Risen is the story of a Roman soldier named Clavius (played by Joseph Fiennes) who has been given the task of tracking down the body of Jesus after it disappears from the tomb where it was placed after his crucifixion. I appreciate the symbolism of the search for Jesus.
The film takes you into the Roman world. The pressure is high in Jerusalem as there is the threat of insurrection against the empire. People believing in a resurrected Messiah could bring that to a tipping point. As Clavius searches for the apostles and interviews people in the hope of finding Jesus’ body, it felt somewhat like an episode of Law and Order.
It was interesting to think of what people would have been saying in the days after the crucifixion of Christ.
In the Bible, it is an angry mob who demands that Jesus be crucified. And he was, and he was buried. What would those who opposed him say on the news of the empty tomb?
It’s easy to take for granted that we know the story, almost 2,000 years later. But what would you make of an empty tomb? Surely there would be a more likely reason than that someone had actually risen from the dead. To this point, Clavius assumes that Jesus is dead. He witnessed it! In the movie, the Sanhedrin, who were a governing council of the Jews in the city suggest that the body was taken by the apostles to put forth the myth that he had risen from the dead.
This is something that people have speculated throughout the history of the Christian Church. That Jesus didn’t really die and rise but that it’s just what his apostles said. What’s interesting about that is that as we study history and the lives of the apostles, all of them (except for John) ended up being martyred for their faith. As did many early leaders in the church. And none of them ever recanted. As Josh McDowell has asked, who would die for a lie?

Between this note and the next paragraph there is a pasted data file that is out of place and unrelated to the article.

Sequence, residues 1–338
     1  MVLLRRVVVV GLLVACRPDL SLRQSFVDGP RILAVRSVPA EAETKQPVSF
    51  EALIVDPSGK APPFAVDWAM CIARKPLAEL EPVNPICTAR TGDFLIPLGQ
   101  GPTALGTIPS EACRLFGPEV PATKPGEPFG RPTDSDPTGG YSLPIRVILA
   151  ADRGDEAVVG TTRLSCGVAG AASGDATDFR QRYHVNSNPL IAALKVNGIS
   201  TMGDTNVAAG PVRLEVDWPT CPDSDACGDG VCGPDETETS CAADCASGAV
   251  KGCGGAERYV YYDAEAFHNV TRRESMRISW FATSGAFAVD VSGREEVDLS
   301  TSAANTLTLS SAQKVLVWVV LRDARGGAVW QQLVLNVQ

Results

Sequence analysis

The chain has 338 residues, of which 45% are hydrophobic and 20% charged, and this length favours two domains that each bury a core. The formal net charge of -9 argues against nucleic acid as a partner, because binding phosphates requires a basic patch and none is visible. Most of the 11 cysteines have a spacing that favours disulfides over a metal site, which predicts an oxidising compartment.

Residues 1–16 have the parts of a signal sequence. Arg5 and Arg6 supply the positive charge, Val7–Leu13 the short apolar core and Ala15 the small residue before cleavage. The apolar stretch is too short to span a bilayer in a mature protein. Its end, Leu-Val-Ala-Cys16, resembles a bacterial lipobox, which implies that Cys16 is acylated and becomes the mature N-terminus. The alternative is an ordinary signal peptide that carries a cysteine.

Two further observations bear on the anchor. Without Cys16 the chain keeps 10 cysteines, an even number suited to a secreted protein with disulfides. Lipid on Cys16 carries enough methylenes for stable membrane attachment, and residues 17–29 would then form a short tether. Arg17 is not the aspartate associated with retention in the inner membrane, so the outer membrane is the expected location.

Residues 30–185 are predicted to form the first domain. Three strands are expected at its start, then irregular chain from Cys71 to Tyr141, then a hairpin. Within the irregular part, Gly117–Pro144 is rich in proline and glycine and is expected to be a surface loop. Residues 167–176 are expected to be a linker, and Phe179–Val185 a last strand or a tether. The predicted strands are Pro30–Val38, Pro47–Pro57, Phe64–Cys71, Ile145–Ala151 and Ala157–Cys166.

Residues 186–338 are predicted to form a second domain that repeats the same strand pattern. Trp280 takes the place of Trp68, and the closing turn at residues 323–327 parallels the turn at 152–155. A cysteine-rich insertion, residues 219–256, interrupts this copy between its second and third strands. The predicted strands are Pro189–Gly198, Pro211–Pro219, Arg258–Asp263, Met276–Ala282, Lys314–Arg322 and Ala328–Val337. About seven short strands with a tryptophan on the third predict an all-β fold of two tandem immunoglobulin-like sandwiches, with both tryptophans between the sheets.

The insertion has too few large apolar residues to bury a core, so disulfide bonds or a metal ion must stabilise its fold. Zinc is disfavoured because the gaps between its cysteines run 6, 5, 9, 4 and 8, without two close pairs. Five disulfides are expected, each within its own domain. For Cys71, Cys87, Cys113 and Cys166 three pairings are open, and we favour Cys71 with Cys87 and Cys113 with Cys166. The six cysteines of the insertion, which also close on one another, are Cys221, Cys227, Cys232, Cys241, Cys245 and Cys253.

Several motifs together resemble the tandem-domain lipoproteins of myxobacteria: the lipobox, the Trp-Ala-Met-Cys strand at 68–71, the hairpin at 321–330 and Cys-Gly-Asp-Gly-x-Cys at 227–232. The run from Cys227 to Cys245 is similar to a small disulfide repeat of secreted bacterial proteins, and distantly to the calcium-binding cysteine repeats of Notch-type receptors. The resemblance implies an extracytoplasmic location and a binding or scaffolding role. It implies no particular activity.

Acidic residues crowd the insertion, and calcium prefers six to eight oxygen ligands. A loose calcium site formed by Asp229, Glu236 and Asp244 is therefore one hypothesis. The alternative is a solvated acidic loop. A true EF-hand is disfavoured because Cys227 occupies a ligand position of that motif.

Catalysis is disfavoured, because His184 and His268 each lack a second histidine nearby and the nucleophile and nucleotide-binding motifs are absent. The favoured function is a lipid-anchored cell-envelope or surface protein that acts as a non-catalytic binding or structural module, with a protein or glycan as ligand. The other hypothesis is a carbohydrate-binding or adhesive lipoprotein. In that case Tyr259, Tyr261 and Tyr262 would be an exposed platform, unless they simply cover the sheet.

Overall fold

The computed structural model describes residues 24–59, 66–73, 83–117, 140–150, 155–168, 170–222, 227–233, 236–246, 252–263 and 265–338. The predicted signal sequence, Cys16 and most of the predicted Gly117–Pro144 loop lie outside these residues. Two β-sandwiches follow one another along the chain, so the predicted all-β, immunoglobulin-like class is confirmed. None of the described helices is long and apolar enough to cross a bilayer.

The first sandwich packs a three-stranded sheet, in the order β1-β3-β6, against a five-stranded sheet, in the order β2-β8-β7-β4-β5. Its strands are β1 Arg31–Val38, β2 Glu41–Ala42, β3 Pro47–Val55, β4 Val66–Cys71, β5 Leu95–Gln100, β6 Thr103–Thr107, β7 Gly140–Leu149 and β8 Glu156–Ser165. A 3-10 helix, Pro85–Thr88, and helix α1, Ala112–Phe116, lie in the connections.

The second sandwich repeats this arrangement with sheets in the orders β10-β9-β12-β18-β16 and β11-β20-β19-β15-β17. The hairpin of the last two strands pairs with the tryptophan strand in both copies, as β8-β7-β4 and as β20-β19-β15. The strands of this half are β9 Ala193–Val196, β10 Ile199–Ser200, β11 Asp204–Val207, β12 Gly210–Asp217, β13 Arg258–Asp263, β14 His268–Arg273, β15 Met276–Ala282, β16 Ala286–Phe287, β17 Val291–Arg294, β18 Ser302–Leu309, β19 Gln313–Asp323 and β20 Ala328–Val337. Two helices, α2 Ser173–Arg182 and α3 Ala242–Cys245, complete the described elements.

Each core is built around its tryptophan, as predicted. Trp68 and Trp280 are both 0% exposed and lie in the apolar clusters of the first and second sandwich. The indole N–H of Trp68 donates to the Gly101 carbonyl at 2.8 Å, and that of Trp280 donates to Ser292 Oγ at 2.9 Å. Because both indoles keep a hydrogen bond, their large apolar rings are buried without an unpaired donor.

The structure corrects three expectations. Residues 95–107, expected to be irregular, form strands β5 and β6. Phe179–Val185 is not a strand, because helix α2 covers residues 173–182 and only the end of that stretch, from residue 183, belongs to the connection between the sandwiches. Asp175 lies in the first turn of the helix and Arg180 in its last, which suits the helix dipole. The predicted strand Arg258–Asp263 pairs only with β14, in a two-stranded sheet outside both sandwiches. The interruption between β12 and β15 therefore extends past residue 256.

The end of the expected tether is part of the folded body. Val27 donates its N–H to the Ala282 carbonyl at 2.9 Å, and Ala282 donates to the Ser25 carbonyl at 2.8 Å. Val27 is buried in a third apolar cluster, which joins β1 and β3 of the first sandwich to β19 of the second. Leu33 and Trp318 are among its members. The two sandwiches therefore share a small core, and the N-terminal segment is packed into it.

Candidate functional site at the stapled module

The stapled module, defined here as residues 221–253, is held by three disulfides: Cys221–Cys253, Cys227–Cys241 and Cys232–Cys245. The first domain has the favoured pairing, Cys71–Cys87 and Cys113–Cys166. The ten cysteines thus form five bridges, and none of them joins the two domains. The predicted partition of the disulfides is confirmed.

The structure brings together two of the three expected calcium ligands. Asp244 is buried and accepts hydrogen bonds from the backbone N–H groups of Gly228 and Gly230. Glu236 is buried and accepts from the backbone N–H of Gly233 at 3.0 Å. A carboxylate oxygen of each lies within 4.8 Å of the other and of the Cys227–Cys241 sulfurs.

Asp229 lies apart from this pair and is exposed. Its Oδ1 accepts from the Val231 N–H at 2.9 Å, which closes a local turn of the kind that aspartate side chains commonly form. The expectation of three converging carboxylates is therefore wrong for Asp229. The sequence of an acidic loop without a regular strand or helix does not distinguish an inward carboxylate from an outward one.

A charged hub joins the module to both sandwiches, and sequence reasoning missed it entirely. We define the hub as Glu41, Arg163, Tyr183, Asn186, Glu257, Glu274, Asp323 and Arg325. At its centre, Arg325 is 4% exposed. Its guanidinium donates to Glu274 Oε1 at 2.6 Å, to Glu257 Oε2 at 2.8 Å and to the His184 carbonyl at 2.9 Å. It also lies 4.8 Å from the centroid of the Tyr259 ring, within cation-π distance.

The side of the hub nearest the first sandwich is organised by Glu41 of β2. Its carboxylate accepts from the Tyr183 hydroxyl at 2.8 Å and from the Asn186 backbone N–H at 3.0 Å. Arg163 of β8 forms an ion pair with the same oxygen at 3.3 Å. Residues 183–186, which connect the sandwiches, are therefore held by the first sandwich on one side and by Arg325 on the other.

You also get an interesting look at the apostles after the resurrection. At one point, Bartholomew (Stephen Hagan) talks of how Jesus had said he would die and raise, but admits that none of them really believed it.
In the four gospels, given that the apostles all abandon Jesus during his passion, that seems to have been true. In the gospels, the apostles do show faith, but they also never quite grasp the full magnitude of who Jesus is under after the resurrection. They realize that he’s not simply a prophet or a great teacher. He is God on earth.
My favorite thing about this movie was that it makes you an eyewitness to the most important event in human history. It puts you in the shoes of someone outside the inner circle of Jesus. I think any Christian has times where you imagine what it would have been like to look at the cross and see Jesus being crucified, or to have heard his scars after his resurrection, to have heard the teaching. In this movie, we all get to be Clavius, and to experience this.
It shakes everything Clavius has ever believed. He’s a pagan. A pagan who gave the order for Jesus to be stabbed in the heart to speed up the crucifixion.
I felt that the screenplay was good and that there were some really powerful lines in the film. I felt like Fiennes really captured the internal crisis as he’s trying to make sense of all he’s seen. The first part of the movie was a bit slow as Clavius does his interviews.
It’s my hope that this movie will give people much to think about in terms of the historicity of the death and resurrection of Jesus. And with that understanding, what do you do with him? Do you doubt his historicity? Or doubt his death or doubt the accounts? Or like a group of men almost two thousand years ago, do you see Jesus for who he really is? He’s the God who came into the world to save the world from sin. The God who died for his people and was raised to the life that we can all enjoy with him through faith in him.